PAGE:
Psychology and Psychotherapy: Theory, Research and Practice

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Volume 74 Issue 3 (September 2001), Pages 277-418

Personal constructs, childhood sexual abuse and revictimization (pages 379-397)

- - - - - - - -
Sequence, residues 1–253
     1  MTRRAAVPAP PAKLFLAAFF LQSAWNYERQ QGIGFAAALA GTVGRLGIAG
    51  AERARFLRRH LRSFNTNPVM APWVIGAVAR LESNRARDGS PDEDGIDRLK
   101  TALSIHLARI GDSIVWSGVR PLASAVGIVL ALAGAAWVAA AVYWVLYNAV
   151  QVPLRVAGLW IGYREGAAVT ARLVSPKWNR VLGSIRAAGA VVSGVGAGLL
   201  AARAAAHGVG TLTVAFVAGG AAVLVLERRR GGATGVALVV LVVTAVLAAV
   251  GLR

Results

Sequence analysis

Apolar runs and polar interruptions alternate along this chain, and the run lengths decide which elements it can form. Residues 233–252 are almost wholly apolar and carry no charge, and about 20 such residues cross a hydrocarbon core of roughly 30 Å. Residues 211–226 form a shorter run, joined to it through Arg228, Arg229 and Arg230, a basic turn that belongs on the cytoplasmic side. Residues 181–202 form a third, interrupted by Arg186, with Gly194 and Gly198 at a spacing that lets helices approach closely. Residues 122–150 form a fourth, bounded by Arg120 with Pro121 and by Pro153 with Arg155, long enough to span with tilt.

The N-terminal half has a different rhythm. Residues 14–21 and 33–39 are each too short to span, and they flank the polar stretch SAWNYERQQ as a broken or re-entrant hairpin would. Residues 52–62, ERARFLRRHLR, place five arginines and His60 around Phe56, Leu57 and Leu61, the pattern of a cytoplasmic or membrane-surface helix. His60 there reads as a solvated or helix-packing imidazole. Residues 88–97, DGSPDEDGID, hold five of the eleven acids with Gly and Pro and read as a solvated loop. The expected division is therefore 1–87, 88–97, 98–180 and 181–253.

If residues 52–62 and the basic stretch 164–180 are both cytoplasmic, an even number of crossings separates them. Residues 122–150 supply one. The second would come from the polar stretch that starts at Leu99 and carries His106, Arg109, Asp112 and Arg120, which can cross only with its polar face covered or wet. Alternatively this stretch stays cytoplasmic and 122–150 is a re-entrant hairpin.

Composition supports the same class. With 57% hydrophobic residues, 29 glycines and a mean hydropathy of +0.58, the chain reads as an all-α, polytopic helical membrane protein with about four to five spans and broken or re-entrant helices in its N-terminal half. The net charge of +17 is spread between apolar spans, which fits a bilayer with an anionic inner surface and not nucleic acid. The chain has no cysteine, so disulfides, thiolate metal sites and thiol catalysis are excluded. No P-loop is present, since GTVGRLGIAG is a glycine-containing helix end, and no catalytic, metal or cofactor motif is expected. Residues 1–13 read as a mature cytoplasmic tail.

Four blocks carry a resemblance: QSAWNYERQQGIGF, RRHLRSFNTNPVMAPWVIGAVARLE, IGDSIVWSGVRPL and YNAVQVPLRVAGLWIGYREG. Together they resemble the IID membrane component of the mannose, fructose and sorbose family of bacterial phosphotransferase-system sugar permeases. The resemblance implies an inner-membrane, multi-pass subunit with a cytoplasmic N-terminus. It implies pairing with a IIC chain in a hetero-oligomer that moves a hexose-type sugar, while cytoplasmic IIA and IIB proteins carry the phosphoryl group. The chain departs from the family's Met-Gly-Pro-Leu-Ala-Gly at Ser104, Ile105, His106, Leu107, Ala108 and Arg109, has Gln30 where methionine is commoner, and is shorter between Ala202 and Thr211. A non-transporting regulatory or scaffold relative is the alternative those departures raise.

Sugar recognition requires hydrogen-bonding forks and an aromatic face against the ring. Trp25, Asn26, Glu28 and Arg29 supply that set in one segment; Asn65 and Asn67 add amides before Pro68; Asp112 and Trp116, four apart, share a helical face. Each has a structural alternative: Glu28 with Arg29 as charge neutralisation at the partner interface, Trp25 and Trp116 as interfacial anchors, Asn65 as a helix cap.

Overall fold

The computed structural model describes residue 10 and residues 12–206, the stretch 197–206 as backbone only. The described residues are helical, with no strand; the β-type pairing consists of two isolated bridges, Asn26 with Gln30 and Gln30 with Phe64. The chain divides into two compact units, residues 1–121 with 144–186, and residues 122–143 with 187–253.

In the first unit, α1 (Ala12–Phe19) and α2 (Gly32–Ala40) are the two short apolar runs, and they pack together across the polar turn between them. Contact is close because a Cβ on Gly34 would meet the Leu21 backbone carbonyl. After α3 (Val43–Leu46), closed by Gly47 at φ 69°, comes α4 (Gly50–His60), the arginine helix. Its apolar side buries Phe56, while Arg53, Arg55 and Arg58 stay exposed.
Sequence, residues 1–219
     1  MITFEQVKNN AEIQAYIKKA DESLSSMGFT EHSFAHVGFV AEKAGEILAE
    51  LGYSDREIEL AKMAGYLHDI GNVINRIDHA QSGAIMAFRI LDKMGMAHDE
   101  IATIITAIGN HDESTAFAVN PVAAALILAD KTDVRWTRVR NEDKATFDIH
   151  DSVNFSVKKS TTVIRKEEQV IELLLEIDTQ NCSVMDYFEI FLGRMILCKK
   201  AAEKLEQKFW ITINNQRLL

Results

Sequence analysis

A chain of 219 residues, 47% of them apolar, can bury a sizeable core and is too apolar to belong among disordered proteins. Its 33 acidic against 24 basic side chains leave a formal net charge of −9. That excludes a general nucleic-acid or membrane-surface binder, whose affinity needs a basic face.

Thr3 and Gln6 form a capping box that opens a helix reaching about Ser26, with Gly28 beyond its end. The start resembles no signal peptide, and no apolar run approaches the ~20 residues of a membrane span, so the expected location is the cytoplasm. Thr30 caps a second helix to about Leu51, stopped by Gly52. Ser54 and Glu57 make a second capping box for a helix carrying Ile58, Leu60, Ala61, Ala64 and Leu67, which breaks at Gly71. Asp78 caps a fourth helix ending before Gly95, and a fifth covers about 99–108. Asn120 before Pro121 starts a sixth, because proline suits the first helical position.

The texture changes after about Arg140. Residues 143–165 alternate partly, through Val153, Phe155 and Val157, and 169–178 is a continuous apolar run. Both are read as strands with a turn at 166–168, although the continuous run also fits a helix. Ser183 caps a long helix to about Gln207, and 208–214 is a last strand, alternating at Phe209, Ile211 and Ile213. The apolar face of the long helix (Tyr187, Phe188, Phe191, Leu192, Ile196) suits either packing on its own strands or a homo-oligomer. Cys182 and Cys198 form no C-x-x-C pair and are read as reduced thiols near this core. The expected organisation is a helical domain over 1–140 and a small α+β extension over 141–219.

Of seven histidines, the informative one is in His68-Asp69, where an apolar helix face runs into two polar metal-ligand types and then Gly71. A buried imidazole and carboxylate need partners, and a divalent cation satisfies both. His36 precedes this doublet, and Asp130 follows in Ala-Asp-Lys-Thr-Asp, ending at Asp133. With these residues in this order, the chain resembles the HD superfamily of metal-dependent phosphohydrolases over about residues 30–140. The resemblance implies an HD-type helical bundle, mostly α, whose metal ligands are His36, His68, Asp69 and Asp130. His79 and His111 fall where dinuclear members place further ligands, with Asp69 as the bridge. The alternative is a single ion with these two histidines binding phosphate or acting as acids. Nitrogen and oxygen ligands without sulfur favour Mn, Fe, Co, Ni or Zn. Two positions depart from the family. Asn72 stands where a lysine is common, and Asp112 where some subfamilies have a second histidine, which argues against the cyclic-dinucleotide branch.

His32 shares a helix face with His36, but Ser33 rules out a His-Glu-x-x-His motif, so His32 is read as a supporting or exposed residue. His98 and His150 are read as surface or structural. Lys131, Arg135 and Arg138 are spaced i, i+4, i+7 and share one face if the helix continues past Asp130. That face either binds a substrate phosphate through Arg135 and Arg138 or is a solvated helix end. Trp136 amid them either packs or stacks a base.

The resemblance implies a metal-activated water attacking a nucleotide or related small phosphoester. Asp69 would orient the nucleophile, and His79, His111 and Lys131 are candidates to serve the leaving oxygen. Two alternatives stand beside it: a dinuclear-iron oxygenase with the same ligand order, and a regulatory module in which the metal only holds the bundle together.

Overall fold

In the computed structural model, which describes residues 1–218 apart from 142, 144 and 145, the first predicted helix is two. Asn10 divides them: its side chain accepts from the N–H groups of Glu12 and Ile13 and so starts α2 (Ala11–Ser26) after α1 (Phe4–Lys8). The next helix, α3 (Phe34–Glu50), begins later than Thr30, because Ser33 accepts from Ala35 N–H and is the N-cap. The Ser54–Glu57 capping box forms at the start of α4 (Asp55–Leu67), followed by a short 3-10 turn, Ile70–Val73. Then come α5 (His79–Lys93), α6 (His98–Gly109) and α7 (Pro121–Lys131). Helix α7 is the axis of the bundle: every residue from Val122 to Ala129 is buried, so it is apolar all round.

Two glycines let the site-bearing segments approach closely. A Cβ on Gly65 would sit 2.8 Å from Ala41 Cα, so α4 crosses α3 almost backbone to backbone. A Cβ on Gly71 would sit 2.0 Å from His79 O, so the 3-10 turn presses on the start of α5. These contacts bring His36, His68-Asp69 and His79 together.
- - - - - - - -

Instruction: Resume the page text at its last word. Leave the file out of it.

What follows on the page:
Within the theoretical framework of Ryle's Procedural Sequence Object Relations Model and Kelly's Personal Construct Theory, this study investigates sex‐role polarization of incest survivors and the centrality of abuse within survivors' constructs of men that may contribute to revictimization. Repertory grid methodology was used with 40 female survivors of childhood sexual abuse and 28 non‐abused women. Grid measures and psychometric measures were compared between groups of women who had and had not experienced childhood sexual abuse, revictimized and non‐revictimized survivors, and survivors who had and had not experienced incestuous abuse. Results showed significant differences between survivors and non‐abused women, with survivors having higher levels of depression and perceived distress, lower self‐esteem and higher self/ideal self discrepancy. Hypothesized differences in sex‐role polarization were not found. There were few differences between revictimized and non‐revictimized survivors, although revictimized survivors rated ‘self now’ as more powerful than non‐revictimized survivors. No differences were found between survivors who had and had not experienced incestuous abuse. In addition to the value of exploring personal constructs, a range of models need to be considered in understanding revictimization and women's construal of men. The implications of using repertory grid methodology for research and clinical work are discussed.

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